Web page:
This week marked a significant win for higher education in Washington State as the Washington Legislature passed one of its most innovative budgets in decades. Over the next two years, the budget will raise hundreds of millions of dollars to, among other things, boost college financial aid and increase funding for high-demand degree programs. It will provide increased foundational funding that will better support our faculty and staff. And, it fully funds the State Need Grant – now, the Washington College Grant – increasing equity and opportunity for all Washington students.

We also want to acknowledge the Legislature’s vote to approve Initiative 1000, repealing I-200’s ban on the use of affirmative action policies in education, government employment, and contracting. Gov. Jay Inslee and three former Washington governors - our School's namesake Daniel J. Evans, Honorary Advisory Board Member Christine Gregoire, and long-time Evans School champion Gary Locke - testified last week in favor of I-1000. This is a landmark moment in our efforts to combat institutional discrimination and improve the UW’s ability to attract not only the most talented students from underrepresented backgrounds, but also talented and diverse faculty and staff and business and industry partners. 

The budget approval process was a collective effort by many people who advocated passionately on our behalf, not only for the University of Washington, but for all of the public higher education institutions that are serving students and communities in our state. In fact, our own Sen. Christine Rolfes (MPA ’91), Democratic budget lead and Chair of the Ways and Means Committee, provided leadership in driving a budget that she noted, “represents the values of the entire state.” We applaud our state's strong leadership and the activism of the Evans School community.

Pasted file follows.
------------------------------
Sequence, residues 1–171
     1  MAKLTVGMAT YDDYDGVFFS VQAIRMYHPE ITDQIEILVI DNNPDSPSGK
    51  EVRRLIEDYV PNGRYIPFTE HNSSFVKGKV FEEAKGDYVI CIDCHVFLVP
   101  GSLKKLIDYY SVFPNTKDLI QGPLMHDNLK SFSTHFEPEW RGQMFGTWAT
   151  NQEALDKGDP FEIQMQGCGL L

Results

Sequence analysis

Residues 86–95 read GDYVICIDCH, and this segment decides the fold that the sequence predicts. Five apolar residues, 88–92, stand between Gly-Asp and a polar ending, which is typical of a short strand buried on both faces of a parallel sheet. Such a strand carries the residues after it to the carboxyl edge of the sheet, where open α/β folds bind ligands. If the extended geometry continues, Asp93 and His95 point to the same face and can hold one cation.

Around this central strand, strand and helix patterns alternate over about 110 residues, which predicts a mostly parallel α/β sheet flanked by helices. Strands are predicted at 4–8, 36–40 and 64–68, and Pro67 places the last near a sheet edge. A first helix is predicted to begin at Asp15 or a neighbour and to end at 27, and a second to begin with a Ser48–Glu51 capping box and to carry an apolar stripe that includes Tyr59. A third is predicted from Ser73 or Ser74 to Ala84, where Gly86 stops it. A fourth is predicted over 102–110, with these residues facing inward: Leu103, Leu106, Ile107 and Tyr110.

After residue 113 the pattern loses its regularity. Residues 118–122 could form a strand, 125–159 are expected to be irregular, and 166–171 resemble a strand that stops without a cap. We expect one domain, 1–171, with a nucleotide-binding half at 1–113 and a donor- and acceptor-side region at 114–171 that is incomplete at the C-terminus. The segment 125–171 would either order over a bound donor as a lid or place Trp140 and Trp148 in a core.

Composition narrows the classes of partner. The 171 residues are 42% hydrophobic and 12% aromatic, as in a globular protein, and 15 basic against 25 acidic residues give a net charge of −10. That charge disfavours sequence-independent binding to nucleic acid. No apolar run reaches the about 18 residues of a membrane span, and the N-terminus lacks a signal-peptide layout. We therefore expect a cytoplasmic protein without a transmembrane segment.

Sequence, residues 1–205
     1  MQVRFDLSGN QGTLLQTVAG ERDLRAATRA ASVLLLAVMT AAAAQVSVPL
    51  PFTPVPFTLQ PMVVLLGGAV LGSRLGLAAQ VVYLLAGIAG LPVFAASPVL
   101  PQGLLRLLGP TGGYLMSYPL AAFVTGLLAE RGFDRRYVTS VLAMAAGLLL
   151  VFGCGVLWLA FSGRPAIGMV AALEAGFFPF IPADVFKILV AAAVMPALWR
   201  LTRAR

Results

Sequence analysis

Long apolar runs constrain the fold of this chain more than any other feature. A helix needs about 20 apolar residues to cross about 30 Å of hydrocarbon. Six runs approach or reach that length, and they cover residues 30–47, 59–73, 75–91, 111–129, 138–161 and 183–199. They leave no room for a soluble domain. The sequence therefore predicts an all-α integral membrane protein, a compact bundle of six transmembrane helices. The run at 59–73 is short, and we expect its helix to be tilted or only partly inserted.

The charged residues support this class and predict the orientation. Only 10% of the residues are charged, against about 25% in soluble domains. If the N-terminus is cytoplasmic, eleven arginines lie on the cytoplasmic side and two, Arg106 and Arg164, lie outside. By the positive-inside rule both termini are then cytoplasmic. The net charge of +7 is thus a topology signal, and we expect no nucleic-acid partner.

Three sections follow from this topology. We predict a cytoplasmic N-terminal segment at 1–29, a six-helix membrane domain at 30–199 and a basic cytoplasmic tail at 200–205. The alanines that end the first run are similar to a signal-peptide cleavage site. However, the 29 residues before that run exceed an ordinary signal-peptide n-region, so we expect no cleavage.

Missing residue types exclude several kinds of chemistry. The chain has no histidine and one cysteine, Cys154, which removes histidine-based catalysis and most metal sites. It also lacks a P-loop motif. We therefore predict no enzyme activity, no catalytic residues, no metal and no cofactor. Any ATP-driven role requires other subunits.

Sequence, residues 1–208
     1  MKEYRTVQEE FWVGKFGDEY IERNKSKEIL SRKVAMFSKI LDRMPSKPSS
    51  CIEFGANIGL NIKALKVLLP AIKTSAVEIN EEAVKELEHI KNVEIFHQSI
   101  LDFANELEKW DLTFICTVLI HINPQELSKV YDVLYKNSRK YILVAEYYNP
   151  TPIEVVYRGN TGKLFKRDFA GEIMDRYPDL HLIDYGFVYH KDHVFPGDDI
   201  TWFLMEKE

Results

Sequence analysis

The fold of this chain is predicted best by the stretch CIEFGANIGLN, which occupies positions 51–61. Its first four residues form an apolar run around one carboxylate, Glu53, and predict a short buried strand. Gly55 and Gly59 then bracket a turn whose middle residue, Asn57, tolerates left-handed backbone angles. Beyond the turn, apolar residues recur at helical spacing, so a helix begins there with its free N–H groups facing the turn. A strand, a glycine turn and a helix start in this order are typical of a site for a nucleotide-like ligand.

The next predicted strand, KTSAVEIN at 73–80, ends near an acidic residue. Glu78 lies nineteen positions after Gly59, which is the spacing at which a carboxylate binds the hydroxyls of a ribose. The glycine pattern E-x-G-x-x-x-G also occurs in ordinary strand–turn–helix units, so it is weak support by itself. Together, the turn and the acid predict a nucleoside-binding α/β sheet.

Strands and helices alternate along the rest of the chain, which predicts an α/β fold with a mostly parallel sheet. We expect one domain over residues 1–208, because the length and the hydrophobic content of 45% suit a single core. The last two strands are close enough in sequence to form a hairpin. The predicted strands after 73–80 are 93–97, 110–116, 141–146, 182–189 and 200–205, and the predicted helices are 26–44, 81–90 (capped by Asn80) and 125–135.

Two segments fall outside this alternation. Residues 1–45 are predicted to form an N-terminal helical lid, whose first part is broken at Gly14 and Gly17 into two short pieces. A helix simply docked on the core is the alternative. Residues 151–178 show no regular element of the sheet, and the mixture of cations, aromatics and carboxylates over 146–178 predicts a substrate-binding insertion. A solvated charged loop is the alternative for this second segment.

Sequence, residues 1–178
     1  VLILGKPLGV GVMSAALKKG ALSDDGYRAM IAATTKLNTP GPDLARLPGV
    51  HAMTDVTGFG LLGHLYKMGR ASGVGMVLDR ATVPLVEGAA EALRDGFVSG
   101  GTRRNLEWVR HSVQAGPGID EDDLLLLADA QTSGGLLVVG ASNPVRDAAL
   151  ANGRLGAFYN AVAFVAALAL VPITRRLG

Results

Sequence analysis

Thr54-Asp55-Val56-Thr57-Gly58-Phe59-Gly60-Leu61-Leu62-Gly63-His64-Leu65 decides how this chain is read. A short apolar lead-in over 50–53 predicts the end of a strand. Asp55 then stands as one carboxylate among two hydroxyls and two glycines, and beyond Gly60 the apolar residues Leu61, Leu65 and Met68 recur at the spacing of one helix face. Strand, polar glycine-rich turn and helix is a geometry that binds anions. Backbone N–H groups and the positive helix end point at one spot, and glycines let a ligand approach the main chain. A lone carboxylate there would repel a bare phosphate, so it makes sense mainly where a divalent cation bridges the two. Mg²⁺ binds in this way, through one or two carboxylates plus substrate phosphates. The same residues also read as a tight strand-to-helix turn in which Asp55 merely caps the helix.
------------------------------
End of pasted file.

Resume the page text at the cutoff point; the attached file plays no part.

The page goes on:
These important gains demonstrate what we can achieve when vision, conviction and tireless effort are applied to the policy process in service to public good. As President Ana Mari Cauce noted in her blog on these much-needed investments, “we can create change that advances a more prosperous, educated, and equitable world.” As we enter into the final weeks of Spring quarter, let us be reminded of our comittment to public service and the real impact that public policy and management can have on our state and our communities.